We are making efforts to support Estonia’s bid to become the first in the world to develop a sustainability performance measurement system for corporate lending where private and public interests can be linked for climate-related goals.
Estonia has set the goal of a climate-neutral economy by the year 2050. Achieving this objective will require cooperation between the state and the private sector. It would also need a detailed plan. The plan should, however, be based on a transparent system to measure sustainability performance. After all, if you cannot measure it, you cannot improve it.
We're aware that merely improving our activities isn't enough to achieve extensive changes. Everyone needs to make an effort and work together. To support this process, we've thought about motivating the private sector to measure climate impact and help the entire financial industry to direct capital into sustainable investments effectively. This is necessary to speed up the transition to low CO2 emissions and to an economy that is resilient to climate change.
What have we already accomplished?
We have put together our first concept note for a database of climate impacts. In the database, Estonian companies could enter the greenhouse gas emissions generated from their business activity (tonnes of CO2).
Banks could rely on the central database in making financial decisions, and it would also be the underpinning for state support and guarantee programmes. The final system should be automated, without undue burden on companies, and should be in line with the principle of data collection minimization and the once-only principle.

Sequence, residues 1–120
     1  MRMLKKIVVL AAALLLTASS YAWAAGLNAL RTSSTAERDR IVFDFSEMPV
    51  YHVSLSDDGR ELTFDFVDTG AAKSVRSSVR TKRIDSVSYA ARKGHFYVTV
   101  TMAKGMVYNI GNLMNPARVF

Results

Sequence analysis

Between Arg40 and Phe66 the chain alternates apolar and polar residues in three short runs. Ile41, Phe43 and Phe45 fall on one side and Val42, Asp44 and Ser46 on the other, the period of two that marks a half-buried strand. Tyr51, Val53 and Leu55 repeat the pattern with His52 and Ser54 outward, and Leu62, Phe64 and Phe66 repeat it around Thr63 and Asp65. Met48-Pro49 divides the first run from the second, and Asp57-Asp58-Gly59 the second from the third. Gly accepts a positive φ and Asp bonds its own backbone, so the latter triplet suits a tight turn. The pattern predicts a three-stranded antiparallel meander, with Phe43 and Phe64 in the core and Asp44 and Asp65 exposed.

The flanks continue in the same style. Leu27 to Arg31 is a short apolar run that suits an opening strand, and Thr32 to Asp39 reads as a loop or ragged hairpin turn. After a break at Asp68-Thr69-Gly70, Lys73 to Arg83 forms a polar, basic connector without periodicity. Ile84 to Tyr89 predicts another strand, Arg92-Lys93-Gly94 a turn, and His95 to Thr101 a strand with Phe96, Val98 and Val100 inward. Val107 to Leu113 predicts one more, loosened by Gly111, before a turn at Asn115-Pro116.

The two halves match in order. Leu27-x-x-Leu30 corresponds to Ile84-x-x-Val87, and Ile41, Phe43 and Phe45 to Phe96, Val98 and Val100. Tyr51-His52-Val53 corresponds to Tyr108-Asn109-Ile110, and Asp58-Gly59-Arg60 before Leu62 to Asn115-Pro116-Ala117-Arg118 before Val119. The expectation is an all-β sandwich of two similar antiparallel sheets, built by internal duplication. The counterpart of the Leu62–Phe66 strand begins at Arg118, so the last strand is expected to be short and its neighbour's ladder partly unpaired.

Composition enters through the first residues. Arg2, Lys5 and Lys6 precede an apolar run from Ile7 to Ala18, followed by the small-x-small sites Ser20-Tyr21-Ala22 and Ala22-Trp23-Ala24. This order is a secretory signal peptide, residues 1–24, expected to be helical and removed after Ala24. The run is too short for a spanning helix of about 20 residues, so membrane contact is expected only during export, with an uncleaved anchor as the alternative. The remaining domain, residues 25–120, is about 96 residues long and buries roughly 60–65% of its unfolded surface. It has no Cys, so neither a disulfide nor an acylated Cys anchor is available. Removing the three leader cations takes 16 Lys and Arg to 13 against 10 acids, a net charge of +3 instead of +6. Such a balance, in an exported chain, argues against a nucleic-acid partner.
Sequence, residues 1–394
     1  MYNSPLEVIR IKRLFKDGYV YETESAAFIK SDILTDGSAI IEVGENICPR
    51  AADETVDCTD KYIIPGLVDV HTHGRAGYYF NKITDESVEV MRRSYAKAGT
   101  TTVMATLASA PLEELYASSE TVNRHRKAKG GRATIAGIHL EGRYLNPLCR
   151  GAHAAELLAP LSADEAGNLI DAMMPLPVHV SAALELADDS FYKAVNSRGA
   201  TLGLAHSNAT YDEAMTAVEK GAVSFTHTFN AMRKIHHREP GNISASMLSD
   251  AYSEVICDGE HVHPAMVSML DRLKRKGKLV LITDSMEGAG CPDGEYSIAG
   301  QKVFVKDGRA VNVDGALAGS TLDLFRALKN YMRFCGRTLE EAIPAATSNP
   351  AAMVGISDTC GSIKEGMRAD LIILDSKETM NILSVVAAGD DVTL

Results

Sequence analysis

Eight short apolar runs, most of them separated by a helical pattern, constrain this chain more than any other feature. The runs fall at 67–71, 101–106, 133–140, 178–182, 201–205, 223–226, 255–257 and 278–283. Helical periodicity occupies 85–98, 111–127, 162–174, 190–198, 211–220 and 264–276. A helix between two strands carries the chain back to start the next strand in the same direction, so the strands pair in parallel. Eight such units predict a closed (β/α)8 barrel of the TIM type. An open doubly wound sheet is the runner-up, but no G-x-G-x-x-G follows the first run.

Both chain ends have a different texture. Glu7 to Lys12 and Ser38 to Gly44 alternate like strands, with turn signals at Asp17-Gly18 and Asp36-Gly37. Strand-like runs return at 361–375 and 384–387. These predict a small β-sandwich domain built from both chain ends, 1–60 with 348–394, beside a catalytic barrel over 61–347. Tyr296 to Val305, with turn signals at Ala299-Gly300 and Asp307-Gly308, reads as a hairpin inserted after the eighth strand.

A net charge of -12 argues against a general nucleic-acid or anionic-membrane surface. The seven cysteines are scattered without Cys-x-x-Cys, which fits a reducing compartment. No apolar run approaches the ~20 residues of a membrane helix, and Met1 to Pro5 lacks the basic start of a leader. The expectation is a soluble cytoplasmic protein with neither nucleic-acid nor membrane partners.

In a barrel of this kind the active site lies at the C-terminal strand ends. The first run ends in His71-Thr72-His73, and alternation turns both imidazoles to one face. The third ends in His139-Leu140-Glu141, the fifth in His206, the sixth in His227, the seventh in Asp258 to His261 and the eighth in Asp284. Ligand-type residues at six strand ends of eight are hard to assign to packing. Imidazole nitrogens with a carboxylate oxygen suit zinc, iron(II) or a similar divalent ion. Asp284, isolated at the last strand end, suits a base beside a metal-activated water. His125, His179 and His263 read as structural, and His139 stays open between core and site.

We have already promoted our idea (article in Estonian by the LHV Group CEO on a common climate target), brainstormed with partners (policy planners, other market participants etc.) and are working to shape the final system and test the idea.
What is the final goal of the project?
Our goal is to be the first in the world to develop a countrywide measurement system where private and public interests are joined together for climate-related purposes, and which encompasses almost the whole economy at the enterprise level.
The idea is ambitious but feasible, especially considering Estonia’s unique profile – i.e. relatively small size (the 1,000 largest companies, including the whole banking sector, make up about 90% of the economy) and the high calibre of electronic public services.